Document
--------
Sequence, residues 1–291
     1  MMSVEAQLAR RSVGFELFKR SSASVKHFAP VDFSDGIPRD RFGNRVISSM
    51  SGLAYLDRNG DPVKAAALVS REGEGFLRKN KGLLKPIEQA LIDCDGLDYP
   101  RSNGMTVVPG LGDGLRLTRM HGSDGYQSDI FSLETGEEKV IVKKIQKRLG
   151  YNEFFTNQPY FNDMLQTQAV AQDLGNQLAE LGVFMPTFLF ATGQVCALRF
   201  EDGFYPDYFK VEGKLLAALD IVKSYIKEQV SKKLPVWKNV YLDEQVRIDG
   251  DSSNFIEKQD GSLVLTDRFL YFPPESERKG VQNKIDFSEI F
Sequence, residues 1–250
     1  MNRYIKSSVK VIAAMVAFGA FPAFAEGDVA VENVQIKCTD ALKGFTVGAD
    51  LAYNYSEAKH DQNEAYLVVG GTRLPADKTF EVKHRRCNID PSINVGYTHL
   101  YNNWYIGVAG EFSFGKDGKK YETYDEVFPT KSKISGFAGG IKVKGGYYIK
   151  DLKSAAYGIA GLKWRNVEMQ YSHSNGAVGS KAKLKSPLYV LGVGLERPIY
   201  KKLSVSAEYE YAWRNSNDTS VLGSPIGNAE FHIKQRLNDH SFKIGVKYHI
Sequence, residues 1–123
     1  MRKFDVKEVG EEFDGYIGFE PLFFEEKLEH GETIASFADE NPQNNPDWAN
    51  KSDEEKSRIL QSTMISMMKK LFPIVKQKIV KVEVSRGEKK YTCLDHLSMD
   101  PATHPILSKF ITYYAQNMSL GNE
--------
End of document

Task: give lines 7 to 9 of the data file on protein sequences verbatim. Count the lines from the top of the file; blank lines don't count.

   251  DSSNFIEKQD GSLVLTDRFL YFPPESERKG VQNKIDFSEI F
Sequence, residues 1–250
     1  MNRYIKSSVK VIAAMVAFGA FPAFAEGDVA VENVQIKCTD ALKGFTVGAD